Have you ever wondered what it is you're eating? Where your food comes from? Have you ever wondered why the tomato sauce you bought has about 30 ingredients - most of which you can't even pronounce? Have you ever guessed exactly how much corn is in, for instance, your hamburger? Or oil made from corn? Artificial flavours made from corn? Meat from cows fed on corn? The list goes on and on…The Omnivore’s Dilemma explores exactly these questions, encouraging us to think more consciously about what we eat. Michael Pollan urges us to engage with where our ingredients come from and retrace their journey from their origins – be it massive cornfields in the US or the sterile surroundings of a chemical laboratory.Through this thought-provoking review, Pollan became active himself. He retraced and produced his own meals. He had a look into the shocking and appalling machinery of industrial production, thereafter purchasing his own cattle and monitoring their way from birth on a farm to their last months in the horrifying conditions of the feeding lots. He engages with the question and problems of local and organic production - helping out on a grass farm - and goes deep into the forest, hunting and preparing his dinner from scratch.The discoveries that Pollan reveals in his book are not always a nice read – yet they not only open our eyes to the appalling facts and repercussions of industrial production, but they also lead us to engage with more subtle questions: what are the implications of us wanting cheap prawns and fresh fruit throughout the year? And is organic always better? Even if the food has been shipped or flown in from far away?In the wake of recent revelations, such as The Guardian uncovering the truth about slave labour producing the prawns we buy at Tesco for instance, we need to be more conscious about our food. It does not suffice to go through supermarkets and only buy what is cheap or what looks tasty. There is so much more implied - for ourselves, for our fellows and for our planet - that we cannot close our eyes to the implications of our consumption. The Omnivore’s Dilemma is a haunting book that can definitely can nudge us to engage with and think about our food, instead of grabbing the first thing that catches our eye. We as students, especially, can make an impact and change the way our food is produced, preventing it from becoming something even more inaccessible, industrialised and incomprehensible… Charlotte Wirth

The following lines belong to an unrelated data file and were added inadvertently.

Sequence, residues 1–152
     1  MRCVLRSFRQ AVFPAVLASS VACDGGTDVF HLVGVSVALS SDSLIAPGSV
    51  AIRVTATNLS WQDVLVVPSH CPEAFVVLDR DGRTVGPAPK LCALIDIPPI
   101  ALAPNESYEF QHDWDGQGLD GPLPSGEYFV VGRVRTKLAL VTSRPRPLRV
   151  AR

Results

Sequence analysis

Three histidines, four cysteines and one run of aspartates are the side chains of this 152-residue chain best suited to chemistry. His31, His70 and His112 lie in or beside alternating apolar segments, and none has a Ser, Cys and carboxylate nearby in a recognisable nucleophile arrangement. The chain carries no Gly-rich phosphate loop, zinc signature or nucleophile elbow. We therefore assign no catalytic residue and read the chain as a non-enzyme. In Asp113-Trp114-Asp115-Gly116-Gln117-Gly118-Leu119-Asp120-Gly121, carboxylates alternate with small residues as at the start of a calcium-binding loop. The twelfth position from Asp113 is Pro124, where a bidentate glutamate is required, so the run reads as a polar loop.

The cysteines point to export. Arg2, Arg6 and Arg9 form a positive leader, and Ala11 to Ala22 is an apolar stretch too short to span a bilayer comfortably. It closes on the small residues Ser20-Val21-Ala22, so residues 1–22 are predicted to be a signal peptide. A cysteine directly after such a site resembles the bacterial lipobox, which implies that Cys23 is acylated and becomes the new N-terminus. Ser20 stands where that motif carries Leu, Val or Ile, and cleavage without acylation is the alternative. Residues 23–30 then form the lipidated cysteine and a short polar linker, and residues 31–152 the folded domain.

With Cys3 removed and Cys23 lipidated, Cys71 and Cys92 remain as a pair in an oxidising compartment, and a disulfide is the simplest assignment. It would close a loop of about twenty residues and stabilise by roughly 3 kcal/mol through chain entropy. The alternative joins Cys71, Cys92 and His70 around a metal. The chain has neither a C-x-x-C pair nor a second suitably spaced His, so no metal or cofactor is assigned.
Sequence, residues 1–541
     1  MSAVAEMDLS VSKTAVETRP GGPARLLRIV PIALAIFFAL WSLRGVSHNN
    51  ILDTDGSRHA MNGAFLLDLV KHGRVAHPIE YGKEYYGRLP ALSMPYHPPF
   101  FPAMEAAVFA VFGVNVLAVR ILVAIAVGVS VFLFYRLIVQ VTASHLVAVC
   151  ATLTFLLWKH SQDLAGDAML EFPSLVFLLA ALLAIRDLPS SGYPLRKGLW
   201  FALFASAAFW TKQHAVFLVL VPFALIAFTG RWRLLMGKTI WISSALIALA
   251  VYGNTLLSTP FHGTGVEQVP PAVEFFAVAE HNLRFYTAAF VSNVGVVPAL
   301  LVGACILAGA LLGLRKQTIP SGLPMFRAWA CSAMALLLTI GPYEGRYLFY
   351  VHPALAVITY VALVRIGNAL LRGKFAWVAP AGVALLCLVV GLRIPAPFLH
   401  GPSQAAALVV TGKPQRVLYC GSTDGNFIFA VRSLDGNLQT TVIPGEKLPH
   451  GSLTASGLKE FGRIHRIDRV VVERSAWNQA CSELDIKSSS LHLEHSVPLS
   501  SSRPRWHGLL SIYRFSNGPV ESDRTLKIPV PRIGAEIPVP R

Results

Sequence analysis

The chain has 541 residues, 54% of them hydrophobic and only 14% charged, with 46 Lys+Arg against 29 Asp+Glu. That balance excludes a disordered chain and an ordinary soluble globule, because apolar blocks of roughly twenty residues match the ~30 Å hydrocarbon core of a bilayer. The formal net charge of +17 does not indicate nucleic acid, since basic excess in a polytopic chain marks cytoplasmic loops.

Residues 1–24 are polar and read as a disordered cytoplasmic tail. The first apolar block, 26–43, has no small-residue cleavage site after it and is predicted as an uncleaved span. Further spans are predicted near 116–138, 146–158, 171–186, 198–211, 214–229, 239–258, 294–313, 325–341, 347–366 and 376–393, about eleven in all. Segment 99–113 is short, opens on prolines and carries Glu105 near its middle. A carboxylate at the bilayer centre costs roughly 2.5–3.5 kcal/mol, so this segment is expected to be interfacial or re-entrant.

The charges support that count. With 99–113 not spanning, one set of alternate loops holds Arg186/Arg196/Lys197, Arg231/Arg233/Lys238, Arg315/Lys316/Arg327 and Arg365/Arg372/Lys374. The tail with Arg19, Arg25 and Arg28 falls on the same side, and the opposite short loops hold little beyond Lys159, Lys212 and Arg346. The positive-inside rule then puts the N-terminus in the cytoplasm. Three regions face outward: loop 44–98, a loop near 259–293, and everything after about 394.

Sammy Evans takes us on a culinary tour of Turkey's famous city...
During the spring break, I found myself falling in love with Istanbul. The chaos connected with my soul, and the coffee cult and continuous backgammon in the cafes struck a chord with me. I was pretty sure that I was never going to come back to St. Andrews. My friend Olivia and I lost ourselves in the hustle and bustle of the streets, the call to prayer five times a day, the tiny cups of tea, the rich history and architecture, and the fresh Turkish cuisine.